Hardly a day goes by without the United States warning of some threat posed by China that justifies economic sanctions. Amid all the smoke from this “ new cold war”, scant attention has been paid to what is actually happening on the ground in finance.
Here, American banks, insurance companies and asset managers have lost none of their appetite for making money in China and have met with remarkably little deterrence from US President Donald Trump’s administration. Far from decoupling from China, Wall Street seems more intent on tightening the knot.
China’s 10-year government bond yields 3.21 per cent, four times the 0.77 per cent yield of the 10-year US Treasury. Flows into China’s onshore bond market have pushed foreign holdings from 2.1 trillion yuan (US$304 billion) at the start of the year to 2.8 trillion yuan at the end of August.
Net equity inflows also increased rapidly to more than 1 trillion yuan. Next year, Chinese government debt will be included in the FTSE Russell, one of the world’s main bond indices, and this is expected to add another US$140 billion to inflows.
In further signs of favour, Goldman has received the green light to buy out its mainland securities partner, while Citigroup has become the first US bank to receive a fund custody licence, allowing it to hold securities for fund managers in China.
Meanwhile, US giants BlackRock, the world’s largest asset manager, and Vanguard, the world’s largest provider of mutual funds, have been granted access to China’s gargantuan asset fund market.
UBS forecasts that mainland China fund assets will quadruple from about US$4 trillion in 2019 to US$16 trillion by 2030, by which time the fee pool for those who manage the funds will have increased fivefold to US$120 billion a year, and foreign firms will have taken a third of the market.
As the savings of middle-class Chinese steadily mount, Chinese authorities are keen to develop the country’s pension and insurance markets, and American asset managers are among those only too eager to help.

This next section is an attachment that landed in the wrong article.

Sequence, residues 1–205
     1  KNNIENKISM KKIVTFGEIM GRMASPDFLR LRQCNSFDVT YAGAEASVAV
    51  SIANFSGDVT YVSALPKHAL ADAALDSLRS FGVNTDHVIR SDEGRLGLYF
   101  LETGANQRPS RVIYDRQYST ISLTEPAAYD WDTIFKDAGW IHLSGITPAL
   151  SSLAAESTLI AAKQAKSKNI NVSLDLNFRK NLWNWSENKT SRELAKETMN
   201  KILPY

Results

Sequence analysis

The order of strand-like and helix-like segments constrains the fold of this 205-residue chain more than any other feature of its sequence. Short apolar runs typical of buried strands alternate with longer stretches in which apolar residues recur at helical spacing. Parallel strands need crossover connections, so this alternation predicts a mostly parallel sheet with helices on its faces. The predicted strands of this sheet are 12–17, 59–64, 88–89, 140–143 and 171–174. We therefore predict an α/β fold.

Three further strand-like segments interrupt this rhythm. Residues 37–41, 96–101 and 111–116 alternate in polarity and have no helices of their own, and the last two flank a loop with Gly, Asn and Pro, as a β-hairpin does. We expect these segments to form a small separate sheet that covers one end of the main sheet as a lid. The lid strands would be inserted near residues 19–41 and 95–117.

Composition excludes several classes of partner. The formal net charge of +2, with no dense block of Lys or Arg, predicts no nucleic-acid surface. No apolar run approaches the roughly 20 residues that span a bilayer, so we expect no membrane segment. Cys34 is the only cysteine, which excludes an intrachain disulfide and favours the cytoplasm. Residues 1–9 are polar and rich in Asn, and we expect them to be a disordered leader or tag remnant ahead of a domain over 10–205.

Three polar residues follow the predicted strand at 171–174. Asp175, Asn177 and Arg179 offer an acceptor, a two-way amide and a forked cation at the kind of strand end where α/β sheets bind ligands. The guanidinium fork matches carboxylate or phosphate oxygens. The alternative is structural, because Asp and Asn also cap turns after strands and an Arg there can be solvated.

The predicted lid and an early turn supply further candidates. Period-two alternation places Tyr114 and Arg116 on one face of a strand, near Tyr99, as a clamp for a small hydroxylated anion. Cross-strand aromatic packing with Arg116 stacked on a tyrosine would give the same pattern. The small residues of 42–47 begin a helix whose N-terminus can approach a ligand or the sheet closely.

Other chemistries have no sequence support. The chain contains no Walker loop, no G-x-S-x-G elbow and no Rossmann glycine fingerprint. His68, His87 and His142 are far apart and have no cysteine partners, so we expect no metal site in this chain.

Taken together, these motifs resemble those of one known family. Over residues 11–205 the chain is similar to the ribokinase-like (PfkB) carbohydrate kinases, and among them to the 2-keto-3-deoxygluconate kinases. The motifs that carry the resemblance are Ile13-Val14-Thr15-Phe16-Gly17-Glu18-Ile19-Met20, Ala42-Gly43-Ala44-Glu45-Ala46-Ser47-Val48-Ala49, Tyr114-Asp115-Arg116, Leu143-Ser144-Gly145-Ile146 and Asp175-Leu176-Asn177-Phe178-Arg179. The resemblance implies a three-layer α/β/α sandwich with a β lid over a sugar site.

The “Equitable Act”, which would force overseas companies to delist from US exchanges if they do not comply with audit requirements, has had the perverse effect of strengthening China’s equity markets.
“Homecoming” initial public offerings and secondary share issues by Chinese-based companies have proved a massive shot in the arm to the Hong Kong, Shanghai and Shenzhen exchanges. In the third quarter of this year, the three exchanges together raised US$72.1 billion from IPOs, a third more than the total for the Nasdaq and New York Stock Exchange.
Some of China’s largest companies are opting to float or offer new shares at home. This includes Ant Group’s looming US$35 billion Hong Kong and Shanghai IPO, which it is hoped will yield a market valuation of US$250 billion, greater than many global banks.
American investment banks have benefited handsomely from this “homecoming” bonanza. Morgan Stanley has enjoyed its biggest share of equity offerings in Hong Kong since 1999, thanks to record share sales by Chinese health care and biotech companies.
Three of the four “bookrunners” or primary underwriters for the Ant IPO are also American – Citigroup, JPMorgan and Morgan Stanley.
The sanctuary granted to US financial services in the new cold war is evident in the relative dearth of China-bashing rhetoric from US Treasury Steven Mnuchin and a parallel restraint shown by Beijing in criticising Wall Street.
While Pompeo was fuming at HSBC in August, not a whisper of rebuke came out of Washington at Vanguard’s announcement that it was quitting Hong Kong and setting up its Asian headquarters in Shanghai.
Such double standards have fuelled suspicion that US targeting of HSBC has as much to do with commercial competition – HSBC has by far the biggest China network of any foreign bank – as concerns over human rights.
Technology and financial services are twin pillars of American business supremacy, so why has battle raged fiercely with China over one, but not the other?
The answer lies in the development of China’s economy. In technology, China’s lightning advances are challenging American dominance, whereas in finance, China still lags far behind Wall Street.
China not only needs access to Western capital, but to the more advanced skills of Western financiers if its own banks and investment houses are to learn and catch up. Until that day arrives, there are plenty of moneymaking opportunities in China for foreign financial institutions.
Peter McGill is a contributing editor for The Banker. He began his career in the Hong Kong government, and then spent two decades as a journalist in Japan, including as Tokyo-based correspondent of The Observer
This article appeared in the South China Morning Post print edition as: Wall St seems to have missed the message on decoupling